155th Wing/Squadron - 173rd Squadron Nebraska Air National Guard

The Nebraska Air National Guard was the second guard unit to stand up in the nation when it did so in February 1946. Equipped for various missions over the years stemming from fighters, interceptors, reconnaissance, and today air-refueling aircraft, the guard has stood the test of time to become an international force in Air Force operations. Today its mission takes its aircraft to various places across the globe, but it has humble beginnings operating a small number of P-51 Mustangs on the west side of the Lincoln Airport in an old World War II hangar.

A few men stand in front of a NeANG P-51 - Photo Nebraska Air National Guard 


The Early Years
P-51 Mustang
1946 - 1948, 1952-1953

Since the establishment of the Air National Guard, an ANG unit has had a thriving life at Lincoln for beyond the past 50 years. When first created, the 173rd Fighter Squadron had P-51s (F-51s after 1947) and was stationed originally at the old Army Air Field (before Lincoln Air Force Base was re-activated). In September 1946, the Neb. ANG was equipped with 22 P-51s, 7 B-26s, 2 C-47s and 3 T-6s. These agile yet soon obsolete fighters served with the Neb. ANG until the advent of brand-new F-80Cs in July 1948.

The 173rd would transition back into F-51s at the outbreak of Korea when the F-80s were called back into active service. The 173rd itself activated during the war but only served stateside.

Nebraska F-80s in formation, note the flaming arrow on the nose - a distinctive mark of Nebraska ANG aircraft. - Photo Nebraska Air National Guard


The Jet Age
F-80A,C Shooting Star
1948 - 1951, 1953 - 1955

25 "shooting stars" were based in Lincoln from 1948 until 1951 when they converted back to F-51s during the Korean War (The F-80Cs were called up for active duty service). In 1953 after de-federalization they converted back into F-80s. These were actually -A models which proved to be a problem to the 173rd for years until rebuilt by Lockheed in the mid-50s after a series of crashes.

The F-80s trained as tactical fighters until the mid 50's when an interceptor role was established and the Neber Air Guard transferred into Air Defense Command along with the rest of the 132nd Fighter Wing, based in Des Moines. 

An F-86(-D,-L?) probably flying over eastern Nebraska considering the hills and landscape below. - Photo from Lincoln Air Force Base Guide


The Cold War Heats Up
F-86D,L Dog Sabres
1955 - 1964

In July 1955, the 173rd was given the mission of Air-Interception under Air Defense Command and given F-86D Dog Sabres during the late 50's. Armed with twenty-four air-intercept rockets, the newer technology of radar and aided by ground interceptor control stations, the aircraft patrolled Nebraska's skies. Along with their active duty brethren across the runway, the interceptors stood on ground alert 24 hours a day during the height of the Cold War. In 1960, the 173rd was reorganized into the 155th Fighter Interceptor Squadron and later given F-86Ls an (updated version with better electronics and weapons) until 1964 when the mission changed to reconnaissance.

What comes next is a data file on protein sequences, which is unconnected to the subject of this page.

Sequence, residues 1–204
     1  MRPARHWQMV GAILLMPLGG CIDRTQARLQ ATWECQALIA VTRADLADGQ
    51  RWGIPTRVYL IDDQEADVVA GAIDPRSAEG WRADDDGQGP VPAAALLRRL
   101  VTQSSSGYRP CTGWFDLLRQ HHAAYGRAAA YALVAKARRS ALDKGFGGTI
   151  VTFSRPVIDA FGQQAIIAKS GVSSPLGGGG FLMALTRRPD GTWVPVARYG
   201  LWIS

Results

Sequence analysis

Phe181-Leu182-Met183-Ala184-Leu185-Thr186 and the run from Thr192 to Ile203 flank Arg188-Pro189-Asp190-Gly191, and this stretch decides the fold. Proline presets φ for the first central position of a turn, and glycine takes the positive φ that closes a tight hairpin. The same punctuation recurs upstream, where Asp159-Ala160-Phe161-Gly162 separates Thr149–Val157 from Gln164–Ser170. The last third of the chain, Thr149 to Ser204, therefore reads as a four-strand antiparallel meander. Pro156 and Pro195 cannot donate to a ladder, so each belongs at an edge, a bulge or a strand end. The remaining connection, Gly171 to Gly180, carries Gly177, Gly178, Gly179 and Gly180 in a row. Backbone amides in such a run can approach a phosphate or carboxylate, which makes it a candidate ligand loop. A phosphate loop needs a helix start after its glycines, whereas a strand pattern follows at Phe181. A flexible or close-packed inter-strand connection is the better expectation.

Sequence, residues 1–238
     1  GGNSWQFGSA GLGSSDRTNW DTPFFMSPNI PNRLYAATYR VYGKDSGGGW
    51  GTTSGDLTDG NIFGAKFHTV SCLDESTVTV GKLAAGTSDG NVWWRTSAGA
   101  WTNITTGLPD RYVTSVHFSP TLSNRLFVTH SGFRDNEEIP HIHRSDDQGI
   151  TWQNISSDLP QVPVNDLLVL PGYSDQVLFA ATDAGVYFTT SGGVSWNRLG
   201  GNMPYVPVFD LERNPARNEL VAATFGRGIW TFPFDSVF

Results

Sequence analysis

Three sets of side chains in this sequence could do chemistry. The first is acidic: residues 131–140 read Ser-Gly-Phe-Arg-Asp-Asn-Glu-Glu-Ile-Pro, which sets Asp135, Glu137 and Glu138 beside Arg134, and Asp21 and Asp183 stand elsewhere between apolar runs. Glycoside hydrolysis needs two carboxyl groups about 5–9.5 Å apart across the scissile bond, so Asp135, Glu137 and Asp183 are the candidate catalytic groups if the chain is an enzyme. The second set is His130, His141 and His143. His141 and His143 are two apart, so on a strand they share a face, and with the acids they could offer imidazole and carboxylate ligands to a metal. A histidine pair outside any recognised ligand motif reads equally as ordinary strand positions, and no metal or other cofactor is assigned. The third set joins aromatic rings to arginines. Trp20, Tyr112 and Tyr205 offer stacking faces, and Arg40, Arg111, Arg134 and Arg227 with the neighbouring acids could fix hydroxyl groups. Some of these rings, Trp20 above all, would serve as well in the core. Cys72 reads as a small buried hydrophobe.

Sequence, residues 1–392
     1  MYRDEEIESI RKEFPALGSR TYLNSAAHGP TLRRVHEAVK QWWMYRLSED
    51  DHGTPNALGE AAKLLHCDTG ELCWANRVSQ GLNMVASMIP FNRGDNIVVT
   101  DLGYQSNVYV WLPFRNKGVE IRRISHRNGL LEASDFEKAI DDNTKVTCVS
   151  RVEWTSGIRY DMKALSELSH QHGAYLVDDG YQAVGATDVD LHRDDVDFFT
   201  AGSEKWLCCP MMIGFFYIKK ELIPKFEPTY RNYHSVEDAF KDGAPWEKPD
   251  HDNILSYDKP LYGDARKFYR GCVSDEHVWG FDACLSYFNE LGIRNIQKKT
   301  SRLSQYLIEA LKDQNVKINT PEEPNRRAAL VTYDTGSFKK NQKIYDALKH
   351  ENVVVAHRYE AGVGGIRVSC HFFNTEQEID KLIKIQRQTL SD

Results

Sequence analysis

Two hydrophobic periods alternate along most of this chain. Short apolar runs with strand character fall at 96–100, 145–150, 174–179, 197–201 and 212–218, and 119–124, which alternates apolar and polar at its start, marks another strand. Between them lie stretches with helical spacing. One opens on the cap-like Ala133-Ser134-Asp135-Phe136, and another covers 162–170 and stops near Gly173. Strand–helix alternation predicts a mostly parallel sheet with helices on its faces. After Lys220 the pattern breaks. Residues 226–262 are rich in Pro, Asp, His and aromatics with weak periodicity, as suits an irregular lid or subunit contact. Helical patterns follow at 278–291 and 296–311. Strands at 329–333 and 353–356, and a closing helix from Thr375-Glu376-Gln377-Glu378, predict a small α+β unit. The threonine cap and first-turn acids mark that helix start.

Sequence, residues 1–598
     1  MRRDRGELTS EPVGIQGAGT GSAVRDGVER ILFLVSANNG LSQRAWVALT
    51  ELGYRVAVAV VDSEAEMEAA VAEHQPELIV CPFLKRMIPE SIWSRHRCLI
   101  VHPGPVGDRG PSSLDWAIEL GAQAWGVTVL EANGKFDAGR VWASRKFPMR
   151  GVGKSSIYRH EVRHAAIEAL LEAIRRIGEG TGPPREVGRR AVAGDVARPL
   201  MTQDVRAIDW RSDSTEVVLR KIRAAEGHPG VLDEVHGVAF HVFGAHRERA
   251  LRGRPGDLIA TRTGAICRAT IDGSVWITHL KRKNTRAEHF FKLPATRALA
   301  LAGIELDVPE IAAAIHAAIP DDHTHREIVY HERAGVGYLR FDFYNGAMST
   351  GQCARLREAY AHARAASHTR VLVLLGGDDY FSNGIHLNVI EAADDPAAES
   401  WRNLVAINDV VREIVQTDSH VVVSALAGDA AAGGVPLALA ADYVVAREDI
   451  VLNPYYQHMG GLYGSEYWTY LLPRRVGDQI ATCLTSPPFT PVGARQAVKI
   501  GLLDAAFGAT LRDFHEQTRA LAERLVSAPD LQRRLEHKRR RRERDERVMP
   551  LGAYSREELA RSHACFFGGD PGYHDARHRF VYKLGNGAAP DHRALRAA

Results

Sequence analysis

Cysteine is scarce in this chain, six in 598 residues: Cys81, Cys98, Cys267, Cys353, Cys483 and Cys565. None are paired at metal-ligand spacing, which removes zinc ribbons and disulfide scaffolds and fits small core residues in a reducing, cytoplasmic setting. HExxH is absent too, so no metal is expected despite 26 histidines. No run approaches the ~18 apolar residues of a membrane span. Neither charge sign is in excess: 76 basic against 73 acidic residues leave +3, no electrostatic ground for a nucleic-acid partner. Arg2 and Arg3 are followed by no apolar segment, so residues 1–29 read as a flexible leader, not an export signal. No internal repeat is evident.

Two of Nebraska's RF-84s, an elderly aircraft by the time of NeANG service the aircraft were none the less quite capable of their mission - Photo Nebraska Air National Guard.


The Mission Changes
RF-84F Thunder-jets
1964 - 1972

The 155th was reorganized to fly RF-84Fs in a tactical reconnaissance role during 1964 and even though older, the Thunder-jets with Nebr. pilots out performed newer jets at competitions. The 155th was the last F-84 (and last first-generation fighter) unit of any type in the entire U.S. Air Force when they were flown to Davis-Monthan in 1972. While quite capable, these aircraft were not utilized during the Vietnam War.

A side-by-side photo of Nebraska RF-4s on the ramp and one in flight. These aircraft deployed much more often than the RF-84s did to distant bases including Alaska. Photo - Nebraska Air National Guard. 


Continuing the role
RF-4C Phantoms
1972 - 1992

The F-84s were phased out in 1972 and the 155th was given RF-4s which flew from the 70s until 1992. The RF-4s reigned over Nebraska for the longest of all 155th/173rd aircraft and the 155th was one of the last F-4 Phantom operators in the USAF. With the end of the cold war, the overall phase-out of F-4 Phantoms and the advancement of technology, a new mission would be flown by the 155th.

Air-Refueling Mission
KC-135R Stratotanker
1992 - Present

155th was provided KC-135 Stratotankers in 1992 while the actual name of the unit did not change until 1994 after a transitioning period. (The KC-135 a direct descendant of both the B-47 and the KC-97 from Lincoln AFB ) which are still flown today. The 135s have served in many conflicts including Kosovo and Iraq. These aircraft are the most advanced version of the KC-135 with more efficient engines. All planes belong to the 173rd Air-Refueling squadron inside of the 155th.